Thinking Anew – Guilt, forgiveness and redemption

Even the best of us will get things wrong given the wrong set of circumstances

One of the striking features of the New Testament documents is the open and honest way in which the failings of individual disciples are acknowledged. There is no effort, for example, to spare Peter over his denial of Jesus with his “I know not the man” when challenged. There are similar instances recorded elsewhere which point to the objectivity of the authors. It’s hard to imagine someone writing a CV today listing their shortcomings in that way. Incidentally, in tomorrow’s Gospel reading ,Peter’s threefold denial gives place to his threefold declaration of loyalty to the Risen Christ.

We have another example of honest speaking in tomorrow's reading from the Book of Acts (probably written by St Luke) stating that Saul (later Paul) is on the road to Damascus "breathing threats and murder against the disciples of the Lord . . . " . This could be as little as four years after the Resurrection. Saul is determined to destroy the church, not something to be proud of as he would later admit in his letter to the Galatians: "For you have heard of my previous way of life in Judaism, how intensely I persecuted the church of God and tried to destroy it."

This prayer recognises that even the best of us will get things wrong given the wrong set of circumstances: “Lord, on the way of goodness, when we stumble, hold us; When we fall, lift us up. When we are hard pressed by evil, deliver us. When we turn from what is good, turn us back.”

There was an example of this reported recently in this newspaper in the case of a Ukrainian Presbyterian minister based in Kyiv. Atheism was the state religion when he was young but in later years, he became a committed Christian and was ordained. At the time of the newspaper report, Kyiv was under attack and he, frustrated by the mindless destruction of lives said, “When I see children’s toys in the ruins, I just want to kill Putin.” It’s an understandable human reaction but hardly Christ-like. Evil is surely contagious.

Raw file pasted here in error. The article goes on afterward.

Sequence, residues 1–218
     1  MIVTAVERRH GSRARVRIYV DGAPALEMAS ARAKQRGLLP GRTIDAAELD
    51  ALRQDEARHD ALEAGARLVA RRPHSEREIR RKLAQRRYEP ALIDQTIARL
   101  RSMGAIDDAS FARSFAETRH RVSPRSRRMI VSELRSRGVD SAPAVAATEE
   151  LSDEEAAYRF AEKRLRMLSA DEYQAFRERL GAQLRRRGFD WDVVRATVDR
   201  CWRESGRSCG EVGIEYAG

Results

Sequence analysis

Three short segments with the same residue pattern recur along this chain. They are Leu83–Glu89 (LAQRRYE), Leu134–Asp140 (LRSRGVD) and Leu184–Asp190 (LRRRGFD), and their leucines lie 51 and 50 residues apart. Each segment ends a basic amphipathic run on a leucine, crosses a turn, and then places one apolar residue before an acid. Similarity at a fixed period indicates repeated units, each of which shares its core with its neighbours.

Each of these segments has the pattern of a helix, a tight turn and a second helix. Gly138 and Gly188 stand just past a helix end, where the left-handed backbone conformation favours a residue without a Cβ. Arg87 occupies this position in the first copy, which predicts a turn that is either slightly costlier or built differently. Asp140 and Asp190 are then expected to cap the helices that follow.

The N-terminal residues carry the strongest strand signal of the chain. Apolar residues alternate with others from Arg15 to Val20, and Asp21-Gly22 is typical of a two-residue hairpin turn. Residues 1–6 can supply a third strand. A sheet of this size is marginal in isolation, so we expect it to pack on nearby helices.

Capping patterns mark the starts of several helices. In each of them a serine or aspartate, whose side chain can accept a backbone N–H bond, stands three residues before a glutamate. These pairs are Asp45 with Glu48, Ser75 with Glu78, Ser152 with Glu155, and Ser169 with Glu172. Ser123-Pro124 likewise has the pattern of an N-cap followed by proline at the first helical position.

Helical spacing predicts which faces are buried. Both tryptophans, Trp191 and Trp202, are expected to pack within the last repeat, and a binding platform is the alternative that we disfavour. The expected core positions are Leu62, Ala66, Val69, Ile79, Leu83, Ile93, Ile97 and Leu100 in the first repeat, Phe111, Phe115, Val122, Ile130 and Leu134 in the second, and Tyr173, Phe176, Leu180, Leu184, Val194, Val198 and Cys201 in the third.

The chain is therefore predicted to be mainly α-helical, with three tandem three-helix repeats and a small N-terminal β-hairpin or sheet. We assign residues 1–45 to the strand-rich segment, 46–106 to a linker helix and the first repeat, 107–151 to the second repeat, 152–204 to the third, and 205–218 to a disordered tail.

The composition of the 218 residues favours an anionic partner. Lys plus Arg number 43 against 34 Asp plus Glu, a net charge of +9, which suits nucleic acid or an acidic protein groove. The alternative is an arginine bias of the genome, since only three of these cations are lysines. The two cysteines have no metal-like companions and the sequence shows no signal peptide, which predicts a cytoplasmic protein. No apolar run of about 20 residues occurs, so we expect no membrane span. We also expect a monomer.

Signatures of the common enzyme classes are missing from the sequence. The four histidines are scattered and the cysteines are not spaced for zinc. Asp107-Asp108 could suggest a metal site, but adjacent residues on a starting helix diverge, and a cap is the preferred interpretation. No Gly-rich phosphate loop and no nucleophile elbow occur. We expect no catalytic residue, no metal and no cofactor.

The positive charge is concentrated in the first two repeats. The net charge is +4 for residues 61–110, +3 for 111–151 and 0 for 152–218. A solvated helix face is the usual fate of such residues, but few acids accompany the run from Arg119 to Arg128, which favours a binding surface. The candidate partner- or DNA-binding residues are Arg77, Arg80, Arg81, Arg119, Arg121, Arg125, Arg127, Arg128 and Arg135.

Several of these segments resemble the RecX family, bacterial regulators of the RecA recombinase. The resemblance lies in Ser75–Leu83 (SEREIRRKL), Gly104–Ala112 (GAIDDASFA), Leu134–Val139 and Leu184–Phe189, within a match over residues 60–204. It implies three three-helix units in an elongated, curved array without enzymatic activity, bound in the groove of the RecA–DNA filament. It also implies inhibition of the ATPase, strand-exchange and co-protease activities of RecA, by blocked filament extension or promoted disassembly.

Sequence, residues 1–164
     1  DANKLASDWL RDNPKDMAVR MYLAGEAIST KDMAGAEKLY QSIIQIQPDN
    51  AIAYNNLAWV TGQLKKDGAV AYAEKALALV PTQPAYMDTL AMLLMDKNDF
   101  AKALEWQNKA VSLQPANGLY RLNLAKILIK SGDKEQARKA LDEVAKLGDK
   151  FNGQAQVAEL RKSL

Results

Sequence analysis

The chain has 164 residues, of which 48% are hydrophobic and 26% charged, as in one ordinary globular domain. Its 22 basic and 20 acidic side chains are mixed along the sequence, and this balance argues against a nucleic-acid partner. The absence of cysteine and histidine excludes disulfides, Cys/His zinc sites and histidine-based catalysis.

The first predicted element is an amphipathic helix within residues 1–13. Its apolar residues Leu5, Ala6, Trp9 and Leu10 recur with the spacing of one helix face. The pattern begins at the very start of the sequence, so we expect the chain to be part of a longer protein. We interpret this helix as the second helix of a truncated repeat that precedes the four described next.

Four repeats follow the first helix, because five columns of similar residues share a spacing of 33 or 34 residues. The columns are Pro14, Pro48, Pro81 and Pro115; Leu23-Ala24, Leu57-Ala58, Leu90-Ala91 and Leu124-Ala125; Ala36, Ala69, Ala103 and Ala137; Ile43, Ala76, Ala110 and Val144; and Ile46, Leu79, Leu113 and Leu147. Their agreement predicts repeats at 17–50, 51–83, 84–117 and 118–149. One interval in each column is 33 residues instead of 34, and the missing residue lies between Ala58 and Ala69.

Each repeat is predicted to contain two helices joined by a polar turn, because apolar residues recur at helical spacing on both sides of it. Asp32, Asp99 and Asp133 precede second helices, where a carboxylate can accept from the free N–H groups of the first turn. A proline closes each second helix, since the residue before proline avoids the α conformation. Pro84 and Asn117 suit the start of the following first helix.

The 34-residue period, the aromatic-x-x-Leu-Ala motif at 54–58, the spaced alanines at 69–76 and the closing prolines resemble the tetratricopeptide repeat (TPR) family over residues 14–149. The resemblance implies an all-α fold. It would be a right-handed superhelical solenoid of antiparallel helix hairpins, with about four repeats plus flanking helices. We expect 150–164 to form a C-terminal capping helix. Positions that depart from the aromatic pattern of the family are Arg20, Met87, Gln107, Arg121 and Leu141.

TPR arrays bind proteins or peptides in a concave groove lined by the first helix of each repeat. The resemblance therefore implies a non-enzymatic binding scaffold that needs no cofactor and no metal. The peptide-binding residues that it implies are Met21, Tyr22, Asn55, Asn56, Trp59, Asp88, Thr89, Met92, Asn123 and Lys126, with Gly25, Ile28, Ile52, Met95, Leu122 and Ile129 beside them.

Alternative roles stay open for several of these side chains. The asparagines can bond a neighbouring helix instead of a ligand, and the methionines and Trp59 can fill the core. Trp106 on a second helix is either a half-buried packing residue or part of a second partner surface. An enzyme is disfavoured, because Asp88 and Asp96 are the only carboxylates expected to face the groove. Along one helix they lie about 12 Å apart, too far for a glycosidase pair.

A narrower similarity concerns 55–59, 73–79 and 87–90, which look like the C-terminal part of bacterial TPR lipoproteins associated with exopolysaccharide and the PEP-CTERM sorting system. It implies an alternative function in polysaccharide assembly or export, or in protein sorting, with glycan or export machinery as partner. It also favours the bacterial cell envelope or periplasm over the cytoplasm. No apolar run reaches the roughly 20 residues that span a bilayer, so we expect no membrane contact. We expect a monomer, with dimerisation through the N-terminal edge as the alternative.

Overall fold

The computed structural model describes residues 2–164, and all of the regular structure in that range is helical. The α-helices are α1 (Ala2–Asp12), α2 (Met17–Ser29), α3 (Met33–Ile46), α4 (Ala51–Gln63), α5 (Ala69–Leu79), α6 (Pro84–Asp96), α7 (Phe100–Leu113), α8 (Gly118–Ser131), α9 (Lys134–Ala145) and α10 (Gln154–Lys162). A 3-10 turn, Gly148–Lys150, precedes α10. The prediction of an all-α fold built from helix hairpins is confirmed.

Christabel Bielenberg, who was born in England, had strong family connections to Ireland and in later years came to live here. However, as a young woman, she turned down a scholarship to Oxford University, choosing instead to study music in Germany where she met and married Peter Bielenberg in 1934. They became active anti-Nazis and during the war helped people hiding from the Nazis. In an interview in the TV series The World at War, she recalled one evening how a Jewish couple, hiding nearby, asked her for shelter. She asked them to wait and sought advice from a friend who strongly advised against because it would place her and her children in extreme danger. She decided to let them stay but told them it could only be for two nights. They left as requested but were captured nearby and later killed. Describing her reaction to the news of their deaths, Christabel Bielenberg said that she realised in that moment that Hitler had made her a murderer. Of course she wasn't a murderer or anything like it but nonetheless she felt guilty.

In The Shaping of Prophecy, Fr Adrian Hastings suggests that Dr Bielenberg’s sense of guilt could be positive: “Maybe it is only when someone recognises that he or she personally participates in a community of guilt that the gospel analysis of sin, a divine Saviour, and the offer of forgiveness none of us can merit, begins to make sense. We may then be empowered to help others discover another community far beyond guilt, a community of the genuinely humane, of hope, of forgiveness, of love. Theologically the universality of guilt is but the backdrop to the universality of forgiveness. Perhaps in practice it is when we recognise convincingly the reality of the first that we can become credible guides to the reality of the second.”